A thrill to interview WWII veteran

Published 7:35 pm Wednesday, March 27, 2019

Last Saturday, I got to talk to an honest-to-God hero in Jack Buchanan.

If anyone remembers the article from Tuesday’s paper, Mr. Buchanan, 95 and a Vicksburg native, took a flight with Dan Fordice in an old friend — a P-51 Mustang. It was his first flight in a P-51 since 1945, he told me, and proceeded to tell me he also flew the P-40, AT-6 Texan, F-86 Sabre jet and the RF-4C Phantom jet. Turns out he was a veteran of three wars — World War II, Korea and Vietnam.

I’ve always been a fan of war birds, especially those that were flown during World War II. I guess that’s something I inherited from my father’s older brothers; one uncle flew C-47s for the Army Air Corps in World War II, and the other was a radioman/gunner on a dive bomber flying anti-submarine patrols from Naval Air Station Corpus Christi.

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In my years as a reporter, I’ve interviewed a lot of heroes from World War II. The only one who wouldn’t tell me about his experiences was my father, who as a combat medic in World War II saw the damage and pain of war far more up close and personal than other men.

My brief visit with Mr. Buchanan was a wonderful experience, but then I have always loved talking with veterans — I guess that’s the historian in me who is still trying to learn what his father went through; that answer to the baby boomer’s question, “What did you do in the war, daddy?”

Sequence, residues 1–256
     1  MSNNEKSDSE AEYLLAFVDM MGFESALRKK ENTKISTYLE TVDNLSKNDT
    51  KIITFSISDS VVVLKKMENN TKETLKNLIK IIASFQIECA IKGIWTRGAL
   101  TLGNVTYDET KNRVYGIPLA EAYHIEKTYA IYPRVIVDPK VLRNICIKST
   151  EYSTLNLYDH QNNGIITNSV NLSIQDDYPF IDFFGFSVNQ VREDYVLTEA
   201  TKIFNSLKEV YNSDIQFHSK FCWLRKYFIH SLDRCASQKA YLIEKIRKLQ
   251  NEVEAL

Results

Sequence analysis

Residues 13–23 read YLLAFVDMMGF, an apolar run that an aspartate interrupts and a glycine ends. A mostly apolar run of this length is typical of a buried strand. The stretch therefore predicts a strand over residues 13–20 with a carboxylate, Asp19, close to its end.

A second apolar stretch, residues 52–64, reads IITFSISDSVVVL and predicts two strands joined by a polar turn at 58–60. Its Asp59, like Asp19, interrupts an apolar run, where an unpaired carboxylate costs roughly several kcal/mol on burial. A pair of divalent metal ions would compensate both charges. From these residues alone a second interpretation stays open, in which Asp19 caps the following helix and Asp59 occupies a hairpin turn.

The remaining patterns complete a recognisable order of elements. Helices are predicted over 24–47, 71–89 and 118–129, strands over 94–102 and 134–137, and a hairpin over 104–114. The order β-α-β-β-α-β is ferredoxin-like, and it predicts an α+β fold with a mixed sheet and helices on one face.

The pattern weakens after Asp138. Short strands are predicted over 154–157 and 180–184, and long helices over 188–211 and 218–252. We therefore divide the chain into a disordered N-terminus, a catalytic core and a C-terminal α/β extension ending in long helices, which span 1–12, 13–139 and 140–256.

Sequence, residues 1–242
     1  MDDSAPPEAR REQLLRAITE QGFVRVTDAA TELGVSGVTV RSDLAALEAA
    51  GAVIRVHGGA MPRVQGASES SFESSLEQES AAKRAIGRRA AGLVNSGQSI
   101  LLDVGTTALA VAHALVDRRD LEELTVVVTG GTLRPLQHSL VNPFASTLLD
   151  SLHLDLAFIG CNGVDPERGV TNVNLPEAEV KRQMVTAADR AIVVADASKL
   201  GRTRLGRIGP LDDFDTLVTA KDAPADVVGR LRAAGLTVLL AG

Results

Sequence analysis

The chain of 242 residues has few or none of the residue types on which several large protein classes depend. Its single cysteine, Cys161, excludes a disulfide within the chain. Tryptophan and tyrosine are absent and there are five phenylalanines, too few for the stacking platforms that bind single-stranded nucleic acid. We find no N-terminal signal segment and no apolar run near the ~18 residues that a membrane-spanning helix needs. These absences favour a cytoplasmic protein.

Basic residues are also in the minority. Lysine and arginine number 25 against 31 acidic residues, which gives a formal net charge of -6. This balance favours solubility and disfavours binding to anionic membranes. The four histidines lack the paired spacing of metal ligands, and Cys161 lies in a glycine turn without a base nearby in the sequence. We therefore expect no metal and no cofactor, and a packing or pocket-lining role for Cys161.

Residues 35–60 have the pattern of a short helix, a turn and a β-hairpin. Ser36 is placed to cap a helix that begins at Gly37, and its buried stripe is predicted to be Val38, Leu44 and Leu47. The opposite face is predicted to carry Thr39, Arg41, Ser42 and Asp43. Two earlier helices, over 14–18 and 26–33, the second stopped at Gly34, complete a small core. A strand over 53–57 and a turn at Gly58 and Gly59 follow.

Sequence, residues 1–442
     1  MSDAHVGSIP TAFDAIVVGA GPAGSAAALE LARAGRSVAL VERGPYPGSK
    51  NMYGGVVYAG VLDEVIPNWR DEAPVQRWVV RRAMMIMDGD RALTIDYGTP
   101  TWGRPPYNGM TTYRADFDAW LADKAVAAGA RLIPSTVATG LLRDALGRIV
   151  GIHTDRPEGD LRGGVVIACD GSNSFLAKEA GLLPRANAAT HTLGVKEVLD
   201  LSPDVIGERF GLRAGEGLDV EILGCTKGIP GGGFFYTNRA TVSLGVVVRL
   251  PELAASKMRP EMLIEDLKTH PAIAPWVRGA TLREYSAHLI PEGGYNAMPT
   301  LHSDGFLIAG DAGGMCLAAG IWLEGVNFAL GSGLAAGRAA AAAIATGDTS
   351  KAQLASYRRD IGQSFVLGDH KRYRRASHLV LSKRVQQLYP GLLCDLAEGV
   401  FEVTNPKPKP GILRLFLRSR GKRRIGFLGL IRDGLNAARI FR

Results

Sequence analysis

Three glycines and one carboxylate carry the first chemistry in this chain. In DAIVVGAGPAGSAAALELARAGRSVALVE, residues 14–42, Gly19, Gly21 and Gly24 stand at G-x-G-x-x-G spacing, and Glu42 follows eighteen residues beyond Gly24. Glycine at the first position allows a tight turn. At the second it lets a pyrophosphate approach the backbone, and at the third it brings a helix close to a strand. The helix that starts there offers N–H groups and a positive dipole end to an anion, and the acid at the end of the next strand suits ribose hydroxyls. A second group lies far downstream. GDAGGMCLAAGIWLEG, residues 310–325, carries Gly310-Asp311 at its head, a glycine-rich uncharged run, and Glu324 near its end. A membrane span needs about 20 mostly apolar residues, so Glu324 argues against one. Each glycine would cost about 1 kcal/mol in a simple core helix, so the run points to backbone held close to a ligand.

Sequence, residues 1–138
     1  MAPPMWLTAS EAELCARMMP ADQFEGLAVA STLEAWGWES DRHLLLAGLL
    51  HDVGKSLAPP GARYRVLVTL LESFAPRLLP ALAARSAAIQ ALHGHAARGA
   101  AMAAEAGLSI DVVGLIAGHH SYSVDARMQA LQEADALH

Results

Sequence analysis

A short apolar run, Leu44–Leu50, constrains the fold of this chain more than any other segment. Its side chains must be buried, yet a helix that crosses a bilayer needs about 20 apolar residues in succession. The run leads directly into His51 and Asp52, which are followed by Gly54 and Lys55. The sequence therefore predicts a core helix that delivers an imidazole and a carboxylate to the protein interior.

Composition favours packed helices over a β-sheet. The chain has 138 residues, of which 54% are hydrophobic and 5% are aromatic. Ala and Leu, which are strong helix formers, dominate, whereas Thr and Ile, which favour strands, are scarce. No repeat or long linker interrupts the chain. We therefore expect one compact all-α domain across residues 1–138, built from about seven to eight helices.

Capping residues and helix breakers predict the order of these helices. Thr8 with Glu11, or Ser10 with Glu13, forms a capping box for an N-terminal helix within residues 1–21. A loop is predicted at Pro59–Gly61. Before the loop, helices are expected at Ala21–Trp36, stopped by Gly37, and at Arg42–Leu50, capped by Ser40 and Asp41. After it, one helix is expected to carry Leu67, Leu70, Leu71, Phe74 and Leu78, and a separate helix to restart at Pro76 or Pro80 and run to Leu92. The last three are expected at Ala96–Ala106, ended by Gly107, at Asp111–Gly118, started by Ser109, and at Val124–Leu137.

And by talking with others, I’m learning.

When I worked on the Coast, I took a cruise on the amphibious warship Iwo Jima and had the great honor to interview several Medal of Honor recipients, including Jack Lucas, who at age 17 jumped on a grenade to save his comrades and survived. I’ve also interviewed Bataan Death March survivors, who I believe are super heroes for surviving the hardships and physical abuse they received at the hands of the Japanese.

And there are the D-Day survivors who landed on Omaha Beach where my father landed. They gave me the most insight into what dad experienced. This year is the 75th anniversary of D-Day, and I wish I could be in Normandy instead of watching the events of that day on TV.

I’ve always seen my interviews with veterans as one of the bright spots of my job; to be able to sit down with someone and relive their personal story with them. I respect these people very much, and it hurts to know that they are slowly leaving us.

I write this every time I do a piece for Memorial Day or Veterans Day, but I sincerely mean it.

If you know a veteran, especially one from World War II, take time to visit them and talk with them and get to know the sacrifices they endured. These are the men and women who are responsible for the freedoms we have in this country.

John Surratt is a staff writer at The Vicksburg Post. You may reach him at john.surratt@vicksburgpost.com.

About John Surratt

John Surratt is a graduate of Louisiana State University with a degree in general studies. He has worked as an editor, reporter and photographer for newspapers in Louisiana, Mississippi and Alabama. He has been a member of The Vicksburg Post staff since 2011 and covers city government. He and his wife attend St. Paul Catholic Church and he is a member of the Port City Kiwanis Club.

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